Home » Downtime » DOWNTIME Part 10 – False Prophet of False Profits
            

DOWNTIME Part 10 – False Prophet of False Profits

Sometimes you have to take off the gloves in order to knock the empty air out of someone. In his February 6th column, National Review Online’s Economics Editor, Larry Kudlow, pointed out that stocks were trading high that Friday, in spite of a massive plunge in jobs. As one of the gurus of the old economy, Larry explained this disconnect: “The stock market is telling us the economy’s future is a lot brighter than its past. The stock market looks ahead; the employment report looks behind.”

Whatever hallucinogen Larry’s taking must be only available to those who bathe in Perrier because I’ve never found any drug that can make me as delirious as Larry is over the predictive wisdom of the stock market. National economies all over the world just reported their worst contraction in decades, but Larry thinks the second-coming of the economy is here because the stock market went up on Friday. This is what happens when false prophets run up against the reality that the religion they preached has failed. The false prophets of religion look for different scriptures to adjust their dates. The false prophets of false profit look toward any indicator that provides the news they want to hear.

Reading Pork Bellies

The stock market’s incongruity with the job market is best explained, according to Larry, because “mustard seeds planted awhile back are now pointing toward recovery. The huge energy tax cut is one such mustard seed. The related inflation collapse is another…. With zero inflation, that’s a real increase in worker purchasing power.”

You might as well state, Larry, that the thing that profits geese is that elephants don’t eat them. While Larry trips into euphoria over the silver that still lines a darkening purse, he should perhaps preach his dogma to employees at Woolworths in the U.K. Woolworths just locked the doors on the last of its 807 brick-and-mortar stores, ending a hundred-year retail history. The weak go first, so the loss of those jobs and similar jobs among so many other retailers around the world is a shudder the economy hasn’t even felt yet. Tell those newly unemployed that the good news is their purchasing power has increased due to lack of inflation. I’m sure they’ll run right out and buy a drink with the power of their zero paycheck. I don’t think they’ll be raising cheers to the stock market’s wisdom, however; but expect inflation on the price of Guinness in the U.K. as consumption grows faster than yeast. I’d say, go long on beer stock.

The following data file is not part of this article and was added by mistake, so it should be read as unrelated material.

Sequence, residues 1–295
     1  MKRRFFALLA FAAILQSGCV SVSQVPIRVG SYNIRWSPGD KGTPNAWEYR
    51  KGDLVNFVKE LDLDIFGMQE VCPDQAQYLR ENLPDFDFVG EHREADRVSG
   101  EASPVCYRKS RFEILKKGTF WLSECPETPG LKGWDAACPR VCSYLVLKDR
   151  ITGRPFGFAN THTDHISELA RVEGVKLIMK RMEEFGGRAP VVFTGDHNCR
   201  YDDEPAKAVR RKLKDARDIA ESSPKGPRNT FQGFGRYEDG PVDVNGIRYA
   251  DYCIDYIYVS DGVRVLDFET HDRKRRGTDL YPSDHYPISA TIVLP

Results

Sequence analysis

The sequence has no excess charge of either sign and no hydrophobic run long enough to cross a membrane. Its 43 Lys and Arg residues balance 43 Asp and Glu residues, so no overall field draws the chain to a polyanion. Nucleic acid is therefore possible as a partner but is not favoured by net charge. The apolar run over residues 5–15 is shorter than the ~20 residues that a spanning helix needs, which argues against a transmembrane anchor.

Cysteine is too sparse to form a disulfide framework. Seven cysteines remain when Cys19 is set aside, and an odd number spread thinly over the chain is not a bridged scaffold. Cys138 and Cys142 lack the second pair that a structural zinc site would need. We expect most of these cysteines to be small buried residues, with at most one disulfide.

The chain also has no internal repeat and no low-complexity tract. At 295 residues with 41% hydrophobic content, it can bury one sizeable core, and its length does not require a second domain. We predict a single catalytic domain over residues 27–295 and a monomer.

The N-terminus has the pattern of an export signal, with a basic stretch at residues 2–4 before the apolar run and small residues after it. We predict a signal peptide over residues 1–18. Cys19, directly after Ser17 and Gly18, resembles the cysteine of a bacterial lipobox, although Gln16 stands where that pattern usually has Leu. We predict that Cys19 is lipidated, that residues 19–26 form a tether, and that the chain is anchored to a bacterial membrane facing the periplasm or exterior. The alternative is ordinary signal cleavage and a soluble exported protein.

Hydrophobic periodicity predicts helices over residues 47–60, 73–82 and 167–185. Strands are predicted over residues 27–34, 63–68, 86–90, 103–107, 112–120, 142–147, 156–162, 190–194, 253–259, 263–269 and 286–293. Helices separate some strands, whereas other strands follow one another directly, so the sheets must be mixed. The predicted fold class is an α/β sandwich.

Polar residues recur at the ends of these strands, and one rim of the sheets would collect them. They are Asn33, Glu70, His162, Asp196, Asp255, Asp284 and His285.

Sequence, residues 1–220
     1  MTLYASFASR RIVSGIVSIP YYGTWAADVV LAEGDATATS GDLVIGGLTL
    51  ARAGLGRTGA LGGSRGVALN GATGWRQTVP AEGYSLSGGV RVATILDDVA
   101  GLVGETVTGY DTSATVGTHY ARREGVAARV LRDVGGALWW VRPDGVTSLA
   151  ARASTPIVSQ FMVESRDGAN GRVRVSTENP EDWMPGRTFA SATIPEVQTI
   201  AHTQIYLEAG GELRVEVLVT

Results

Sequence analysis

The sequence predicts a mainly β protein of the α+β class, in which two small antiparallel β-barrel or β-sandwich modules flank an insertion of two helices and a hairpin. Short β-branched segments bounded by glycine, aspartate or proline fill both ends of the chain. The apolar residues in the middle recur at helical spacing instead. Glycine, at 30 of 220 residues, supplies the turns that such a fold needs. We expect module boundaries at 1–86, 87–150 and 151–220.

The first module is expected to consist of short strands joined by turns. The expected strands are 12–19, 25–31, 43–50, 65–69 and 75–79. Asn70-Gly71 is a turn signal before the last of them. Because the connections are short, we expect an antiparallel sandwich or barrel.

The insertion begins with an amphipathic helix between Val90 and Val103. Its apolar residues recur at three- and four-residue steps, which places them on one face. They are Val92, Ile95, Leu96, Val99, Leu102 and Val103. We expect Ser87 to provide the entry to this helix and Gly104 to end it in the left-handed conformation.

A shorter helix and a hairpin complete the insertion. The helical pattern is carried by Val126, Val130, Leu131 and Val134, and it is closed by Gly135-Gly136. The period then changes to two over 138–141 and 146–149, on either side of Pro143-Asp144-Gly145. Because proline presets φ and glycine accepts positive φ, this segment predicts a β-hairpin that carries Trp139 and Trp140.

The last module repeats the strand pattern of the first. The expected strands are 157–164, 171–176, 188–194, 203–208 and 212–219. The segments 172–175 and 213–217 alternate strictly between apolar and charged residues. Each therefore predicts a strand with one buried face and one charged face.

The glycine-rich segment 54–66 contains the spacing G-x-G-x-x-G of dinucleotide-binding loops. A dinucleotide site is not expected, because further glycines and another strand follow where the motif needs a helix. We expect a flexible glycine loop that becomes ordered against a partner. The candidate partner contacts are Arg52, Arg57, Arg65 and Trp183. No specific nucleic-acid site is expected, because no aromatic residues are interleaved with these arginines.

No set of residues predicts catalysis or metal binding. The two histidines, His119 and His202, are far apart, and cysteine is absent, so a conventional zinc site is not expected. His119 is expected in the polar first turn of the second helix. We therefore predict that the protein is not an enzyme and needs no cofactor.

Obviously, denial reigns supreme. Who cares that the stock market is in the same drug-induced euphoria as Larry? Since when has it been the oracle of wisdom? If it had been, it would have bet against this economy before the housing collapse. After all, it looks ahead — remember? In its superior wisdom, the stock market has done nothing but lurch downhill after the banks like Jill after Jack. Nevertheless, Wall Street is a religion for some, and people like Kudlow are still believers in its divine wisdom.

Our Faith-Based Monetary System

Larry was also thrilled because “the Federal Reserve has been pumping in money to offset credit and asset deflation.” Credit and asset deflation is exactly the thing that needs to happen, Larry, to a false economy built on nothing but skyward debt. He’s right, of course, that the Fed has been creating lots of money — it’s self-administered narcotic of choice. In just the last few months, the Fed has mainlined $300 billion into the U.S. money supply, meaning it has injected $300,000,000,000 (it helps to see the zeros) more into banks than it has received from the Treasury in revenue. In fact, this figure doesn’t come close to telling the whole story. The Fed stopped publishing its M3 measure of money supply because it tells a horror story. M3 was a count that included money that is tied up in long-term institutional deposits. Those long-term institutional deposits that are not included in the current money count are the kinds banks use to hold their money. That, of course, is where all new money is being hoarded right now. So, inflation is not being felt because most of the new money is not even included in the count and is not flowing through the system … yet.

Most money is not currency. It exists on balance sheets and is as vapid as numbers, but the presses do tend do have to catch up later as the money flows to consumers in the form of credit, and some eventually converts to currency. When the Federal Reserve moves money to the balance sheets of its member banks, the U.S. Treasury usually issues bonds for the same amount as the source of that money, which creates a liability against the supply. That balances the equation. Right now, the Fed is just manufacturing money out of thin air. It’s doing this because it wants to create inflationary forces to prevent further deflation of prices in the housing market. Yet, if prices do not deflate on homes, the only way people can buy them will be to continue to take out far more buy ambien in france credit than they can afford, meaning credit must stay deregulated so that it can remain ridiculously perilous.